The main objective of our review will be to systematically analyze existing literature to try to identify the profile of HCPs who are using PGHD from consumer-grade mobile devices as complementary tools for their clinical practices.
The secondary objective will include the identification of the types of PGHD, produced by consumer-grade mobile devices and mHealth apps, that HCPs might deem useful and worth reviewing.
To attain these objectives the research questions to be addressed by the review are as follows:
- How are the PGHD from consumer-grade mobile devices used by HCPs in the clinical workflow?
- Which types of HCPs are actively reviewing PGHD in their clinical practice?
- What kind of PGHD from consumer-grade devices do HCPs find useful?
For the design of this protocol, the PRISMA-P (Preferred Reporting Items for Systematic Review and Meta-Analysis Protocols) 2015  was followed. For the design of the search, selection, and synthesis processes, the guidelines for performing systematic literature reviews in software engineering [ ] were also consulted.
For the review design, we will use a convergent design for systematic mixed studies reviews . The systematic review will adhere to the PRISMA (Preferred Reporting Items for Systematic Reviews and Meta-Analyses) statement [ ].
Eligible studies will be identified through comprehensive literature searches conducted in the bibliographical databases that focus on health and biomedicine, information technology domains, or encompass journal articles and conference proceedings from multiple disciplines. The selected sources are PubMed, ACM Digital Library (including the ACM Guide to Computing Literature), IEEE Xplore, and Scopus. The advanced search methodologies and limitations of each source were revised in advance to standardize the final search terms and resulting search string, which will be used in all sources without alterations to maintain consistency.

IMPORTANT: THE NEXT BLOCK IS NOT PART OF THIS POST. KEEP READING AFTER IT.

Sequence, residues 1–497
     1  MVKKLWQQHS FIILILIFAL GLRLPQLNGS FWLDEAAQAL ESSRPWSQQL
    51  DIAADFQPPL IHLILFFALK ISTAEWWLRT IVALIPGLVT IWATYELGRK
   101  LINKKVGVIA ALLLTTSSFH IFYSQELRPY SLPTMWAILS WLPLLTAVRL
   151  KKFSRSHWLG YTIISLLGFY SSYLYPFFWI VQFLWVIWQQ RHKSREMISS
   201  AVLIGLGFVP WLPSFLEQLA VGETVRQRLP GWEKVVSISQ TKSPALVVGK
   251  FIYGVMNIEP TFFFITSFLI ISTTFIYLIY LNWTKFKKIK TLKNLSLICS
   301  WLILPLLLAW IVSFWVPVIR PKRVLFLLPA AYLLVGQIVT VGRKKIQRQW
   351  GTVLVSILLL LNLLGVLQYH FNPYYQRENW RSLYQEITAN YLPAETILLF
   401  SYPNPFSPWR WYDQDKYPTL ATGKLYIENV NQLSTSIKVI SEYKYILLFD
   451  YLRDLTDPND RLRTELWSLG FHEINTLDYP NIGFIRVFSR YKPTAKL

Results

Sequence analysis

The search strategy was constructed iteratively to ensure that relevant articles were more likely to be identified. After a pilot search in PubMed, it was deemed that the searches should be delimited by 3 key topics: “patient-generated health data,” “health personnel,” and “mobile technologies.” Considering that the key aspects of this review will be more relevant to the medical context than to the technological context, the Medical Subject Headings will be used to search for literature.
Terms comparable to “patient-generated health data,” “health personnel,” and “mobile technologies” were added to the search string using AND operators. To avoid overlooking relevant articles by excluding terms and to prevent retrieving an excessive number of irrelevant results, exact phrases were used with some of the terms. To identify the most appropriate phrases, trial searches were performed in Google Scholar, using possible variations identified in the literature. The final search string was validated by a research librarian from the University of Oulu ().
Additional filters will be used in all sources to limit the results to articles published in scientific peer-reviewed journals or conferences, written in English, with a publication date between January 2013 and May 2022, and with topics related to medical disciplines or the field of information technologies.
Once the electronic searches have been completed, a supplementary hand search of studies will be performed within previous systematic literature reviews and scoping reviews related to the topic PGHD that were identified in the pilot searches.